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The sun is about to kiss the horizon as you roll up to the box office. Across the field other cars fill the rows of speakers, brake lights tapping out a kind of Morse code as their drivers slowly maneuver for the few remaining spots, stopping to check the speakers, twisting the volume knob to test its range.
You can smell the popcorn wafting through the air. In the playground children shout and scream and others play in front of the screen, tossing Frisbees and footballs. Tailgate parties decorate every other car in blankets, lawn chairs, ice chests—and did you just see a gas barbeque grilling up hot dogs?
You find your spot, you pull in, you set the angle of the car, and you give a "how’s this?" gesture to your family before turning off the engine and settling in for the night…

Here goes THE DRIVE-IN THEATER EXPERIENCE, my very first blog, and probably my last, because while I can imagine other topics to write on, I can’t imagine sitting down and prosing on anything other the drive-in theater, and having so much fun doing it.

I’ve been going to drive-in theaters since I was a wee lad growing up in the deserts and neon fauna of Las Vegas. No matter where the family moved in later years—and Mom and Pop moved my brother and I with the same frequency as the fluctuating blue collar job market—we’d check out the upcoming town or city for a drive-in, and if no such theater existed, we’d find out where the closest
outdoor movie palace could be found.

How far would you drive for the drive-in theater experience? More on this later, in another post.

Growing up an Ozoner in Las Vegas was almost too perfect. I believe in the back of our consciousness we associate drive-in theaters with the classic (and I use that term loosely) science fiction films of the 1950s. The most memorable of these films were thematic on the subject of atomic energy gone awry and the resulting local vegetation and insects becoming enlarged to the point that they could go toe to mandible with the local human population in spectacular glory. Not only were atomic weapons tested north of Las Vegas, above and below the desert floor, my father and both grandfathers labored in the testing of these weapons. (My apologies to the many thousands of down-winders in southern Nevada and Utah who lost loved ones to cancer and leukemia.) Although I have never found man-crushing, building-smashing insects or lizards out in the sage and brush of Southern Nevada and Utah, in my mind there’s always been a connection between these movies and the drive-in theaters that carried these films, as well as the association of drive-in theaters and arid deserts.


When discussing the drive-in theater experience, I can’t help but evoke a time in my receding youth when I converted my circa 1960s designed suburban backyard and patio into my very own drive-in theater. At that age, we were only driving Big Wheels, Green Machines, Banana Bikes, and the occasional skateboard (Yellow Banana...Take that Z-Boys!) But...I’m getting ahead of myself.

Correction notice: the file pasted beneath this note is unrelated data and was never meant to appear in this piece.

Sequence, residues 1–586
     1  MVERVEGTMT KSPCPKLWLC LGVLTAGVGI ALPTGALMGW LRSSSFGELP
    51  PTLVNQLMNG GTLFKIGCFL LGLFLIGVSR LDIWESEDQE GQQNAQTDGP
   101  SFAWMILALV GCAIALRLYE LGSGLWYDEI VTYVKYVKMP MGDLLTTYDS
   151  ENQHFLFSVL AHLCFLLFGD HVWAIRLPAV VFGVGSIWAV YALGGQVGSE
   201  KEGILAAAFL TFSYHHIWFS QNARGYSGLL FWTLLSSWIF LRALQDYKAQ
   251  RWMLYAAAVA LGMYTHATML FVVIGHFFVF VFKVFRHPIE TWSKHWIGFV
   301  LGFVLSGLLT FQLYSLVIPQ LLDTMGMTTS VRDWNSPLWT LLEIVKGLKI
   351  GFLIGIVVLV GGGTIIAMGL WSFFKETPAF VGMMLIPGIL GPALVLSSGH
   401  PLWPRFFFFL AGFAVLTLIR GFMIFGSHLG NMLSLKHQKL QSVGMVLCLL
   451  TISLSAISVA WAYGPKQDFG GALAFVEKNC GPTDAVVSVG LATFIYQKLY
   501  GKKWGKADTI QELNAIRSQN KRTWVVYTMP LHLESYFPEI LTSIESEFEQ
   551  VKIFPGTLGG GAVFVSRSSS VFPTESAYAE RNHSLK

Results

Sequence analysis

More on HOMEMADE DRIVE-IN THEATERS in a later post.

Going to the drive-in was the greatest surprise my parents could spring on my brother and me. For some kids I know the experience would be the equivalent of picking up the rod-n-reel and going fishing for the weekend, the 30-06 and tracking down an elk in the mountains. Heaven. Nirvana. Total Zen. Church is a great way to describe it, because the act of going to the drive-in is wrought with many rituals. Anybody can grab the wallet, jump in the car and hit the local Cineplex, but to go to the drive-in theater required preparation, and in the mechanics of preparation, ritual is born…

More on DRIVE-IN THEATER RITUALS in a later post.

Now that I’m married and I have three daughters, I’ve tried to share the allure of the drive-in experience with them, and I must say I have succeeded in turning my daughters into Ozoner junkies. They understand the sense of freedom, that palpable atmosphere of both the Park and the Picnic that only the drive-in theater can give you. My wife enjoys attending but she is selective about the kinds of movies she will sit through. I understand this. I’m very selective about the films I will plunk down money to watch at the local HARD-TOP. But that’s indoor. Now, at the drive-in…who cares! If I’m with my daughters the movies must be appropriate, but they can be as terrible as any Hollywood producer dare dish out. I say, “Bring it on!” There’s nothing like adding your own dialogue or running commentary during a bad film, and in the privacy of your own vehicle, and if you, your spouse or friend have a good sense of humor, it can bring you much joy and sore ribs from all of the cackling.

What would be the GREATEST DOUBLE FEATURE to sit through at the drive-in, past or present? More on DRIVE-IN MOVIES, and their quality, in a later post.

Well… I can see that it’s getting dark. More and more folk are wandering towards their cars. Time to grab that bucket of popcorn or ice cold soda now,
before it’s too late. Any moment now I expect the music over the speakers will suddenly cut out, and the screen will fill with the first frame of light welcoming us to their drive-in theater and signal the beginning of coming attractions. Better round up the kids and head back to the car. Hunker down in those lawn chairs, or stretch out in the back of the pickup, on lay out on that blanket there on the roof of the car. Adjust the speaker one last time.

Here we go…Enjoy the show here, at the DRIVE-IN THEATER EXPERIENCE.

--June 23, 2005--